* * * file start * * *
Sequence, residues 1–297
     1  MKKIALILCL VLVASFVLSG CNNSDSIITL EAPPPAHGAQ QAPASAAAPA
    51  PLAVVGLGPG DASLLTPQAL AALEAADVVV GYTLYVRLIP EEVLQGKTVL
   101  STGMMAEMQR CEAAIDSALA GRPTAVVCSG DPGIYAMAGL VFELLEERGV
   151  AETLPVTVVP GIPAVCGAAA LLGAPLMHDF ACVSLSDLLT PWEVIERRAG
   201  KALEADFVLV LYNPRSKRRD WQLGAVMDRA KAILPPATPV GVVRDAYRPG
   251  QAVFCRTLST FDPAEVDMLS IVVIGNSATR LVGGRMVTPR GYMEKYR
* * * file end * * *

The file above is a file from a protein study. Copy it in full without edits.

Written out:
Sequence, residues 1–297
     1  MKKIALILCL VLVASFVLSG CNNSDSIITL EAPPPAHGAQ QAPASAAAPA
    51  PLAVVGLGPG DASLLTPQAL AALEAADVVV GYTLYVRLIP EEVLQGKTVL
   101  STGMMAEMQR CEAAIDSALA GRPTAVVCSG DPGIYAMAGL VFELLEERGV
   151  AETLPVTVVP GIPAVCGAAA LLGAPLMHDF ACVSLSDLLT PWEVIERRAG
   201  KALEADFVLV LYNPRSKRRD WQLGAVMDRA KAILPPATPV GVVRDAYRPG
   251  QAVFCRTLST FDPAEVDMLS IVVIGNSATR LVGGRMVTPR GYMEKYR